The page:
Associate Professor of Business Administration
Chris Marquis is an Associate Professor in the Organizational Behavior unit at the Harvard Business School and is affiliated with the HBS Social Enterprise Initiative and Harvard University Hauser Center for Non-Profit Organizations. He teaches the MBA elective Social Entrepreneurship in the Business Sector and a doctoral course on Organizational Theory. He has previously taught Leadership and Organizational Behavior (LEAD) in the required MBA curriculum, and in a number of executive education programs.
Professor Marquis' current research is focused on how business can have a positive impact on society and in particular how historical processes and community relations have shaped firms' and entrepreneurs' social strategies and activities. He is currently pursuing several streams of research. The first seeks to assess how organizations can be designed to maximize both business and social value. Questions that drive his inquires include: How can companies grow in reach and profit, while staying true to a social mission and maintaining their quality of services or products? And, should social entrepreneurs focus their efforts on leading change of the broader system in which they operate, or should they focus on achieving impact within the existing system? The second explores how environmental sustainability initiatives have developed in China. This research investigates questions such as: What are the implications of transitioning to greener technology when government and business are structurally intertwined? These research projects build on Marquis' earlier work that analyzed how firm behavior is shaped by broader contexts such as embeddedness in geographic communities and how environmental conditions during founding periods leave a lasting imprint on organizations. In particular, Marquis' prior research examined the effects of these processes in the contexts of community-based social networks and the evolution of the US banking industry.
Marquis' research has won a number of national awards including the 2006 William H. Newman Award for best dissertation across the entire the Academy of Management, the 2006 Louis R. Pondy award for best dissertation in organizational theory from the Academy of Management, the 2003 James D. Thompson Award for best graduate student paper from the American Sociological Association and the 2005 State Farm Doctoral Dissertation Award. He was a finalist for the 2010 Aspen Institute Faculty Pioneer Award, a runner-up in the Academy of Management's Best Published Paper in Organization and Management Theory in 2009 and a finalist in the 2004 INFORMS/Organization Science Dissertation Proposal Competition. He has published in Academy of Management Journal, Academy of Management Review, Administrative Science Quarterly, American Sociological Review, Organization Science, and Strategic Management Journal as well as a number of edited collections. He is a member of the editorial boards of Academy of Management Review, Administrative Science Quarterly, Organization Science and Strategic Organization.
Marquis received a BA in History from Notre Dame, MA in History and MBA in Finance from Pitt, and MA and PhD in Sociology from Michigan. Prior to his academic career, he worked for 6 years in the financial services industry, most recently as Vice President and Technology Manager for a business unit of Bank One Corporation (now J.P. Morgan Chase).
Imprinting: Toward A Multilevel Theory
The concept of imprinting has attracted considerable interest in numerous fields—including organizational ecology, institutional theory, network analysis, and career research—and has been applied at several levels of analysis, from the industry to the individual. This article offers a critical review of this rich yet disparate literature and guides research toward a multilevel theory of imprinting. We start with a definition that captures the general features of imprinting across levels of analysis but is precise enough to remain distinct from seemingly similar concepts, such as path dependence and cohort effects. We then provide a framework to order and unite the splintered field of imprinting research at different levels of analysis. In doing so, we identify economic, technological, institutional, and individual influences that lead to imprints at the level of (a) organizational collectives, (b) single organizations, (c) organizational building blocks, and (d) individuals. Building on this framework, we develop a general model that points to major avenues for future research and charts new directions toward a multilevel theory of imprinting. This theory provides a distinct lens for organizational research that takes history seriously.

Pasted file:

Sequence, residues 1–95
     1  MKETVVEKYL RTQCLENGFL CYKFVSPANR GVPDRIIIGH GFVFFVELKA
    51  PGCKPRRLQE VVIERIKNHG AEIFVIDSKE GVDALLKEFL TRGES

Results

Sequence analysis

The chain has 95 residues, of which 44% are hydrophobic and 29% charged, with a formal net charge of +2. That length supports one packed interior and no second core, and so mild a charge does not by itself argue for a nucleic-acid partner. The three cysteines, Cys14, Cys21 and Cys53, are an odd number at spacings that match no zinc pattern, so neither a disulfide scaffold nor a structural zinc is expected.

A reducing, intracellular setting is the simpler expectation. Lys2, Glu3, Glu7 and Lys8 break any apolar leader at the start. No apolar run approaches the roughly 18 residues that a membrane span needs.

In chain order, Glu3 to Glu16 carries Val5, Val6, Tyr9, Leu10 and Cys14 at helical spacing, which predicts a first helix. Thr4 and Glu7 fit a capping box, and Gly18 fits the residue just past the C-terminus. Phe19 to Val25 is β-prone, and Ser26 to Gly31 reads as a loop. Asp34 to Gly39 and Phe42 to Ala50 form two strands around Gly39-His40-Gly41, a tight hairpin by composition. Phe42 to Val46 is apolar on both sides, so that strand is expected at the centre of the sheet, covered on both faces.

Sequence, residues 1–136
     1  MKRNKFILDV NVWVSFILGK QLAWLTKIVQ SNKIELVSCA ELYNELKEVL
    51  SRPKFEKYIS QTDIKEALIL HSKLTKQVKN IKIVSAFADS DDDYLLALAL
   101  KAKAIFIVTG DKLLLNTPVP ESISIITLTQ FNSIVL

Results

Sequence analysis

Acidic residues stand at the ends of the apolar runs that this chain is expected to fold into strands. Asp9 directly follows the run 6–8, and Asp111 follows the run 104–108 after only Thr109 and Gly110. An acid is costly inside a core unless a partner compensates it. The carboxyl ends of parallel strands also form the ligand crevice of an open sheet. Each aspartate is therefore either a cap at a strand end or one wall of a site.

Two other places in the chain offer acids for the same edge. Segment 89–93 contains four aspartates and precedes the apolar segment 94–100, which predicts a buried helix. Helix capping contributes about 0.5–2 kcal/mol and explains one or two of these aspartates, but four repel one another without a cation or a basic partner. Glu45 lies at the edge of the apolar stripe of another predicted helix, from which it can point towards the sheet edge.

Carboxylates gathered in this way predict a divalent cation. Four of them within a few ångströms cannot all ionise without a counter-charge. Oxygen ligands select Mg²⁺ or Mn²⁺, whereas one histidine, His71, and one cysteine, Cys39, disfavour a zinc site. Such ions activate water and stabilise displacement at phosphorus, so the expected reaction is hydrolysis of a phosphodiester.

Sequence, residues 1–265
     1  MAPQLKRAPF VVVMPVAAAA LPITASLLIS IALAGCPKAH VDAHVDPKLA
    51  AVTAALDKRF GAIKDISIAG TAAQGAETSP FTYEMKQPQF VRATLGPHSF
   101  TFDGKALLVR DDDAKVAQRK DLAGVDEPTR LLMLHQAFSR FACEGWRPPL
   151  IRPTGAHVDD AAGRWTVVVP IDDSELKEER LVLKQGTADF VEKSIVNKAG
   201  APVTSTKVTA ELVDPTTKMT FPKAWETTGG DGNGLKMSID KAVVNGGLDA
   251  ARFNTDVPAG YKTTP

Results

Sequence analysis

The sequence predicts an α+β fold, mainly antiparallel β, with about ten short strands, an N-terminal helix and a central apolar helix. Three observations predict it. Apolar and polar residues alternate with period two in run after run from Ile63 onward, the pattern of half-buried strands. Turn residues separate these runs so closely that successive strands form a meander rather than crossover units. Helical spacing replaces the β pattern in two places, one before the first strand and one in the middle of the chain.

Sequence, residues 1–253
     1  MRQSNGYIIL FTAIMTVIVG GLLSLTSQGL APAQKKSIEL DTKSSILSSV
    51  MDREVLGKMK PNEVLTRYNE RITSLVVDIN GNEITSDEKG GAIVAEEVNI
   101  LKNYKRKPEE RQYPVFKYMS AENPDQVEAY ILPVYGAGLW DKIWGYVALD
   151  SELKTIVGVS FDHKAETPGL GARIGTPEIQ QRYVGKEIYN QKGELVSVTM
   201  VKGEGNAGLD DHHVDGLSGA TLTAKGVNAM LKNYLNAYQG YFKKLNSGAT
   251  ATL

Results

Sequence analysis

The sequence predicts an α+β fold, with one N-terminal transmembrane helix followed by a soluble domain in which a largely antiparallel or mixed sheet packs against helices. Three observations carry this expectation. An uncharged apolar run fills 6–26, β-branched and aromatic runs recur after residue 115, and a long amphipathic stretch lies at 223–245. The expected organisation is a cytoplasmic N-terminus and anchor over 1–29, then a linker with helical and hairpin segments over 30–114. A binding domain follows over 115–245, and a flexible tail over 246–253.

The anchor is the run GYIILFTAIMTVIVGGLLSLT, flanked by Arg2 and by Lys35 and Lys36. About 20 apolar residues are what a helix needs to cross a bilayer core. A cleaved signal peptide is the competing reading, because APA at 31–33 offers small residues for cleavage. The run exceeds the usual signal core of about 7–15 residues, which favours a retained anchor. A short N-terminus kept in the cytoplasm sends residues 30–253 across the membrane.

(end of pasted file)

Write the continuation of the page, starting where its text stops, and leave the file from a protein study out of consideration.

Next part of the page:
Corporate Social Responsibility Reporting in China: Symbol or Substance?
This study focuses on how and why firms strategically respond to government signals regarding appropriate corporate activity. We integrate institutional theory with research on corporate political strategy to develop a political dependence model that explains (a) how different types of dependency on the government lead firms to issue corporate social responsibility (CSR) reports and (b) how the risk of governmental monitoring affects the extent to which CSR reports are symbolic or substantive. First, we examine how firm characteristics reflecting dependence on the government—including private versus state ownership, executives serving on political councils, political legacy, and financial resources—affect the likelihood of firms issuing CSR reports. Second, we focus on the symbolic nature of CSR reporting and how variance in the risk of government monitoring through channels such as bureaucratic embeddedness and regional government institutional development influences the extent to which CSR communications are symbolically decoupled from substantive CSR activities. Our database includes all CSR reports issued by the approximately 1,600 publicly listed Chinese firms between 2006 and 2009. Our hypotheses are generally supported. The political perspective we develop contributes to organizational theory by showing that (a) government signaling is an important mechanism of political influence, (b) different types of dependency on the government expose firms to different types of legitimacy pressure, and (c) firms face a decoupling risk which leads them to be more likely to enact substantive CSR actions in situations in which they are likely to be monitored.